‘‘Multiple taxes make our produce uncompetitive” – Horticulture Q&A with Apollo Owuor

Mon, Jul 26, 2021

Apollo Owuor is the Chairman of Fresh Produce Exporters Association of Kenya (FPEAK) and a board member of the Europe-Africa-Caribbean-Pacific Liaison Committee (COLEACP). He spoke to Horticulture News on various local and international issues that affect horticulture in Kenya.

  1. What is the role of FPEAK in ensuring that the government is playing its part in trade facilitation?

One of the core objectives of FPEAK is advocacy and lobbying. To meet this objective, FPEAK is in constant touch with the relevant government agencies and foreign missions in trying to ensure that the government is playing a facilitative role in the horticulture sector. We also sit in a number of committees, like the National Taskforce in Horticulture, Horticulture Competent Authority Structure, Technical Committee on Standards at KEBS, National SPS committee, national committee on traceability, among others where we represent the interests of our members in policies.

FPEAK also participates in promotion and market linkage initiatives — like participating in international exhibitions like Fruit Logistica, London Produce show, Mac Fruit, where we package Kenya’s horticultural produce, its potential and the industry’s position.

  1. FPEAK and other industry organizations rely heavily on donor support through the NeXT Kenya programme and other similar initiatives. Is there a likelihood of the industry weaning itself from donor dependency in the foreseeable future? What could be done to ensure the industry matures enough to stand on its own feet?

Like other BMOs, FPEAK relies on membership subscriptions which largely cover admin costs.  To be more effective in service provision, FPEAK requires sustainable and income generating projects to survive.  This requires capacity enhancement to build the institutions.  An approach such as Practical Training centers to offer required certified training to members. Research and data are the next important aspect for BMOs. Technical support will be the most important seed capital to allow these institutions to wean off reliance on donor support.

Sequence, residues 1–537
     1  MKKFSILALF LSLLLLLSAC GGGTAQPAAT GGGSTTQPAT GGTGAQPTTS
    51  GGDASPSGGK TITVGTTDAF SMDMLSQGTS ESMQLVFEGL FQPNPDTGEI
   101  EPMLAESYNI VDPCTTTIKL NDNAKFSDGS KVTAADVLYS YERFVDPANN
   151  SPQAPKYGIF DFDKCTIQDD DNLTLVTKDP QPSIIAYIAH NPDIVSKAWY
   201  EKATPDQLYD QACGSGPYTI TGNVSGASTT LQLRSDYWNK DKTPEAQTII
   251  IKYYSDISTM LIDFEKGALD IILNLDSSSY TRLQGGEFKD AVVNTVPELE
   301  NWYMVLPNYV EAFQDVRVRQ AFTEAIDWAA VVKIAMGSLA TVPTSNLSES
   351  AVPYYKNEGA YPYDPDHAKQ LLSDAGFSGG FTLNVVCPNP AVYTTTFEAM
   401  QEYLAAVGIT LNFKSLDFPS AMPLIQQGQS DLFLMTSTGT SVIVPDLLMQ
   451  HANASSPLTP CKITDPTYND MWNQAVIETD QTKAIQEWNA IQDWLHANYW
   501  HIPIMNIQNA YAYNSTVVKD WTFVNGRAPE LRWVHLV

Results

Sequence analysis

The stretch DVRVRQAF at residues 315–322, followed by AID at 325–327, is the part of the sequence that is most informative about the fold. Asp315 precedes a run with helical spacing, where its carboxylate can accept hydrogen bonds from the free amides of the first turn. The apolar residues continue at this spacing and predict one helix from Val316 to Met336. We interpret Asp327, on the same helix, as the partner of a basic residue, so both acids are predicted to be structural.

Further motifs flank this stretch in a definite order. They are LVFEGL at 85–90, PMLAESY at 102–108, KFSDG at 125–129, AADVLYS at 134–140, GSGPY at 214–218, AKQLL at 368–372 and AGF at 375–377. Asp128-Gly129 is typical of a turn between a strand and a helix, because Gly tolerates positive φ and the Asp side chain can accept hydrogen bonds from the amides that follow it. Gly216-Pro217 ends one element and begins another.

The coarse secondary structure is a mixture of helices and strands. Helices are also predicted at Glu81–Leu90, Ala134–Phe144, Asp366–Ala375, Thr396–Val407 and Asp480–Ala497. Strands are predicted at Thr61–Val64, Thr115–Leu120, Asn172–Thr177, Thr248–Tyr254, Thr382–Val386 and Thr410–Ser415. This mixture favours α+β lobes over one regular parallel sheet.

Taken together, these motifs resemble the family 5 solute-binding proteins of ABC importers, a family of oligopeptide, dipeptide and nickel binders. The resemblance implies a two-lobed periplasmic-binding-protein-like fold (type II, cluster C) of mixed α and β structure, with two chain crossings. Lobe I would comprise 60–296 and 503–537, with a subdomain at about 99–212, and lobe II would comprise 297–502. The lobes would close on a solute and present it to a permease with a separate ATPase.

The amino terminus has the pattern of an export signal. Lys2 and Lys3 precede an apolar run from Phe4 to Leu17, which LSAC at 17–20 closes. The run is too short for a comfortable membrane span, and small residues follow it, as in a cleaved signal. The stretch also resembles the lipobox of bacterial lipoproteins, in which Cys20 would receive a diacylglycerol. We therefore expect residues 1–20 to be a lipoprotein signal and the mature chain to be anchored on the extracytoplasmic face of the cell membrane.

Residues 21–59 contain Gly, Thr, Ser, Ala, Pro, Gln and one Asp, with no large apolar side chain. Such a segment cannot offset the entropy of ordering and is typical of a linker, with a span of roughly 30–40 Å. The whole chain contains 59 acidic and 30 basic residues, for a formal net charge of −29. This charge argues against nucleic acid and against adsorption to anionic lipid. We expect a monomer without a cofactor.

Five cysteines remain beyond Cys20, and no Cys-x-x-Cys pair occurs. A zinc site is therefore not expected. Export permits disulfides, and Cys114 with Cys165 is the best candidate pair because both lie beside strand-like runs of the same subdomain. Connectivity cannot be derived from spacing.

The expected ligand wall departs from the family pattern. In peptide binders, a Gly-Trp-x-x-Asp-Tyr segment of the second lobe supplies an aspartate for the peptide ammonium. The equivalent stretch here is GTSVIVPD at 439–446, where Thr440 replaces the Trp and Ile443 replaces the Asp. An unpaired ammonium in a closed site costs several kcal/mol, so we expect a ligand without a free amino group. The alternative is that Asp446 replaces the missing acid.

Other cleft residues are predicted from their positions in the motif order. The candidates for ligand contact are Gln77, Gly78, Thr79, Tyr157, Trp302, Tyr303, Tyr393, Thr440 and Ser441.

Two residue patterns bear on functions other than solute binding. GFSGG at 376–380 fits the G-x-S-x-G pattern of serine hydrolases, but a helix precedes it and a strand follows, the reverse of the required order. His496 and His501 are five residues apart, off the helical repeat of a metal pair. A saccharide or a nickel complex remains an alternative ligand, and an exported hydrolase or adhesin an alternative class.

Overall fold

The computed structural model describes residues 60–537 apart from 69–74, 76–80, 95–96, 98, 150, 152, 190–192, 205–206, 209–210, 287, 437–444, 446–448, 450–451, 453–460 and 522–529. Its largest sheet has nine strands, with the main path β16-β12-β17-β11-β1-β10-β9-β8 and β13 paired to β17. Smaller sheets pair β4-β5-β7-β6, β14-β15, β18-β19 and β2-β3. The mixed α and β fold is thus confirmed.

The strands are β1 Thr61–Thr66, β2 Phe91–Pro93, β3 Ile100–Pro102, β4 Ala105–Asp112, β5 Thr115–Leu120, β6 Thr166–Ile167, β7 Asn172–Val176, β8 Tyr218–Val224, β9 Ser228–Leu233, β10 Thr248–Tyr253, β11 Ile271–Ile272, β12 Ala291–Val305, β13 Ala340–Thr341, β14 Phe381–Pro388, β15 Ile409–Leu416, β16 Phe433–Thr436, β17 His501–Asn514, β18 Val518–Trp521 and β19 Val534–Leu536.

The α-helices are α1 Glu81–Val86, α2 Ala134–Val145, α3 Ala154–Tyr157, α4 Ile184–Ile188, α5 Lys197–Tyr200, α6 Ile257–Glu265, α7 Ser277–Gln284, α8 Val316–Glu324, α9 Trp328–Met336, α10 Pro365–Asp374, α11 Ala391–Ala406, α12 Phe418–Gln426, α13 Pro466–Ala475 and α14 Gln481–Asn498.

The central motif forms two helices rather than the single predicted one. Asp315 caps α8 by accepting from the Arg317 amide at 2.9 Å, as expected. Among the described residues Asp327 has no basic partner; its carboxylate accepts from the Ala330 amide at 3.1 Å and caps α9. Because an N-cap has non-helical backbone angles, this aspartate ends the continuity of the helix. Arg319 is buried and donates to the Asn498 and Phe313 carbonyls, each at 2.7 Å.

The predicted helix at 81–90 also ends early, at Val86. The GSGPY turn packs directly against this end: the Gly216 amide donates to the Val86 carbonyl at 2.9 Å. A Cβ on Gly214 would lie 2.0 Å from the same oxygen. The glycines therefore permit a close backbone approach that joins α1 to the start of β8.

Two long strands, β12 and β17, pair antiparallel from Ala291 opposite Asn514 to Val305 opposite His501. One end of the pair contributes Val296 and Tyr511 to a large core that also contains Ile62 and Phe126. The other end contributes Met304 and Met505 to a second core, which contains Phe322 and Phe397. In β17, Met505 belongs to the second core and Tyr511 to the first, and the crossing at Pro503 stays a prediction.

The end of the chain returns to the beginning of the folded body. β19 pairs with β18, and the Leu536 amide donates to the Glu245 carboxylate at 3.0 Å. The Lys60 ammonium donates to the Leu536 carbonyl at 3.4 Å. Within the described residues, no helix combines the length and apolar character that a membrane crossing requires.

1. You are in the unique position of being FPEAK chairman as well as a board member of COLEACP. Are you satisfied with the level of cooperation between donor institutions such as COLEACP and stakeholders in the industry? What needs to be done to build on this cooperation?

Yes and No.  There is a need to align stakeholder agendas and how donor institutions intervene.  Currently there is lack of synergy and confusion with most donor institutions coming up with pre-emptive solution without making appropriate assessments.  There is equally lots of duplicity in the approach that most donor institutions take.  It is important that there is a proper stakeholder engagement and assessment of GAPS to enable seamless and effective approach to providing technical assistance. There is need to consult the private sector when developing projects so that we can all address the issues at hand accordingly.

  1. You recently addressed a COLEACP conference on challenges and opportunities of the horticultural industry. What are the key challenges and opportunities in the industry?

One of the main challenges is airfreight rates and airfreight capacity.  Highly perishable products are air freighted to destined markets.  Since the pandemic, there has been limited cargo capacity occasioned by reduced passenger travel, hence a reduced number of passenger vessels.  Nearly 60 per cent of cargo is shipped through passenger aircraft. To help out, Kenya Airways went to the extent of converting a passenger plane to carry cargo.